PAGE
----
Junior Doctor Strike Action:
A Lesson in How Not to Negotiate Contractual Changes
With junior doctors on the verge of a historic 5-day strike protesting a proposed change to the terms and conditions of their employment, this week we are going to look at managing contractual changes the right way…
Whether you are on the side of junior doctors across the country, or that of the Government intending to make the changes, it’s hard to argue that the contract negotiation process between the two parties has been conducted particularly successfully. Strike action is sometimes unavoidable, but the 5-day strike planned by junior doctors is likely to have long-term consequences both for the NHS as a whole, and the patients that are unfortunately stuck in the middle of it all. Both sides present well-meaning arguments, with the Government feeling that the contractual change will allow the NHS to operate more successfully 7 days a week, and the doctors feeling that this will result in worse overall patient care. As a result, the negotiation process has been fraught with difficulty, with junior doctors claiming that the Government has been inflexible and lacks understanding of what the changes mean in real terms, and with Theresa May accusing junior doctors of “playing politics” with their strike action.
So what does this mean for smaller businesses, and what should you do if you need to change the terms and conditions of your employees? Whilst strike action may not have quite the same impact as it will for the NHS, it could still result in the loss of business and productivity for your company. Even if your employees don’t strike, a poorly managed contract negotiation process could lead to a drop in employee morale, increased staff turnover, or an increase in ER issues.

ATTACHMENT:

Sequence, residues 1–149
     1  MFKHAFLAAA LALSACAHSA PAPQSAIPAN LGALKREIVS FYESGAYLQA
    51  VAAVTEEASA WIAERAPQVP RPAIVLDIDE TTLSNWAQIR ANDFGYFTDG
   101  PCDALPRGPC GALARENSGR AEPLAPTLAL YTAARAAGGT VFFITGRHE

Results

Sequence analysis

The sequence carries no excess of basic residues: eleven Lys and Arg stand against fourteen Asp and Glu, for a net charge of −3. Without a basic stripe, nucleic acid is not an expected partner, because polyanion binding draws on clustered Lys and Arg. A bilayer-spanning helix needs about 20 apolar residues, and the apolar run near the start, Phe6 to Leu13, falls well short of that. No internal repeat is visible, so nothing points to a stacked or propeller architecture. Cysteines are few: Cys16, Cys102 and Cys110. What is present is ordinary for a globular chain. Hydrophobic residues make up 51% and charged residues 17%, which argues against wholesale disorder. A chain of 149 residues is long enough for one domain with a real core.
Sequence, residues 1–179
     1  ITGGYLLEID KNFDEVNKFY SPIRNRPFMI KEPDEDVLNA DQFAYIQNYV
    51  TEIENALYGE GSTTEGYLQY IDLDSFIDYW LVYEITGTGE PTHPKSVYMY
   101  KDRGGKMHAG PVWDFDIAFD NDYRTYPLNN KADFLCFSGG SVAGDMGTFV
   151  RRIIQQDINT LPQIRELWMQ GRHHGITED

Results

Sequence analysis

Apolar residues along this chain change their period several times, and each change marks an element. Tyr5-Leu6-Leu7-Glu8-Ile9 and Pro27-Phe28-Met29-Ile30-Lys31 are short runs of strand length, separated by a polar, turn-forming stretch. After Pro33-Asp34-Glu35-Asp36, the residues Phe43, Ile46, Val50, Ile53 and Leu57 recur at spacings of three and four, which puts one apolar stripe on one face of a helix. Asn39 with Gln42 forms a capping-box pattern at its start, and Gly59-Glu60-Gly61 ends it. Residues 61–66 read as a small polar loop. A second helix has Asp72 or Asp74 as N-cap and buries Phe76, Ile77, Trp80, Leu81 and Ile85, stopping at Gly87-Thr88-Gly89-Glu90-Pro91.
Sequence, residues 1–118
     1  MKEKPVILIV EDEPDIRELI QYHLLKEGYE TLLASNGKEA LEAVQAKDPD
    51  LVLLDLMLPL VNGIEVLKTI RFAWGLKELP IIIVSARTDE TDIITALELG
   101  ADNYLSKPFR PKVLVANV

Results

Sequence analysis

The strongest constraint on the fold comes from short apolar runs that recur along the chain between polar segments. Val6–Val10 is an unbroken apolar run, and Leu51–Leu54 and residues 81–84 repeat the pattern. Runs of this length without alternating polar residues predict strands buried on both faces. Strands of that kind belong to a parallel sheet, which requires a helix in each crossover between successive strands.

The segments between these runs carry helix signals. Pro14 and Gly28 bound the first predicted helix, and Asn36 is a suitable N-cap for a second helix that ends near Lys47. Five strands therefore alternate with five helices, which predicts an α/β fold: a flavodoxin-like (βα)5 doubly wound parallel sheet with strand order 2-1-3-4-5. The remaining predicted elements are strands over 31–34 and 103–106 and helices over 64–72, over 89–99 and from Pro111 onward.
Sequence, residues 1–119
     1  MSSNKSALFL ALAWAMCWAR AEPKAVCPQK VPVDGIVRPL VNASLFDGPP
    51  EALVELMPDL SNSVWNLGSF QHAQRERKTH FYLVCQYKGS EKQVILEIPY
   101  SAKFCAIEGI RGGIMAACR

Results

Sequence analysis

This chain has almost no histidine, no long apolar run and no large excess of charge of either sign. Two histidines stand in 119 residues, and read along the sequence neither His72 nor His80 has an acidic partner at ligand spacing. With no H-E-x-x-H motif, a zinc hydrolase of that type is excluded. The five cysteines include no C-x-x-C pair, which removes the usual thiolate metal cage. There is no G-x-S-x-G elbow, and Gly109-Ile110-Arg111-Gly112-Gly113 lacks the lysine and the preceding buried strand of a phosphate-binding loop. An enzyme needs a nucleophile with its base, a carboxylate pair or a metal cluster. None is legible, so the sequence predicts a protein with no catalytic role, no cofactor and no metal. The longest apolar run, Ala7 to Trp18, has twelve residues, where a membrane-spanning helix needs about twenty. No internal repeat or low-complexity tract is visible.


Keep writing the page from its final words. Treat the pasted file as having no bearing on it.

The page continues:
If your business needs to make changes to its employee’s contracts, it’s first important to assess what impact these changes may have on these employees. If the changes you are proposing are substantial, and detrimental when compared to the previous terms, you may need to compensate your employees for this change. It is also wise to check the current contractual terms of these employees to see if certain changes are permitted without further discussion.
It’s worth remembering that this process is a negotiation (at least in the initial stages), so taking the time to meet with individual employees, providing them with the information they need, and listening to their thoughts on the situation is likely to be to your benefit. If you are able to seek agreement to the changes you will be able to proceed with them without fear of employment tribunal claims (providing the changes themselves are lawful), so fully explaining the business case behind the proposed changes, and what the alternative is, is important. This negotiation process may take a number of days or even weeks, so be prepared to make compromises, particularly if you want to maintain employee engagement.
There will be occasions where a change is required regardless of whether the employees agree. In these cases it is still advisable to discuss these changes with employees, however, you may be required to dismiss these employees for ‘some other substantial reason’ if you are unable to reach an agreement. In these cases you can then choose to rehire the dismissed employees on the new contractual terms (though they are not obliged to accept the offer). This brute force method is not without its disadvantages, however. Depending on the circumstances employees may be able to claim that they were unfairly dismissed from their position, and could subsequently take you as the employer to an employment tribunal.
The Government have taken a slightly different approach with the contractual changes they are imposing. Their route was to impose the changes without dismissal, giving junior doctors the opportunity to challenge this change with strike action or by resigning. Whilst the strike action itself is an obvious disadvantage to the NHS, it is also worth remembering that employees that choose to resign may still have a case for claiming that they were constructively dismissed. As is often the case, the threat of employment tribunal claims is not easy to circumvent…
It's always best to approach any type of contract negotiation with expert advice and guidance at your disposal. RBHR are able to offer a wealth of experience in this area of HR and much more, so please contact us on 01935 411191 or firstname.lastname@example.org if you are interested in our support.